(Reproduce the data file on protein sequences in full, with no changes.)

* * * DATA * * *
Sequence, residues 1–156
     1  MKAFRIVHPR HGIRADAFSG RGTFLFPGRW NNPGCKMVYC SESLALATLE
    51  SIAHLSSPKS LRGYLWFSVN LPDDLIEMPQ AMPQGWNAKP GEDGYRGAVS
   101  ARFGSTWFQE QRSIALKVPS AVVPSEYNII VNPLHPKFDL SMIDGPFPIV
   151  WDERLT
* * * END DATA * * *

Sequence, residues 1–156
     1  MKAFRIVHPR HGIRADAFSG RGTFLFPGRW NNPGCKMVYC SESLALATLE
    51  SIAHLSSPKS LRGYLWFSVN LPDDLIEMPQ AMPQGWNAKP GEDGYRGAVS
   101  ARFGSTWFQE QRSIALKVPS AVVPSEYNII VNPLHPKFDL SMIDGPFPIV
   151  WDERLT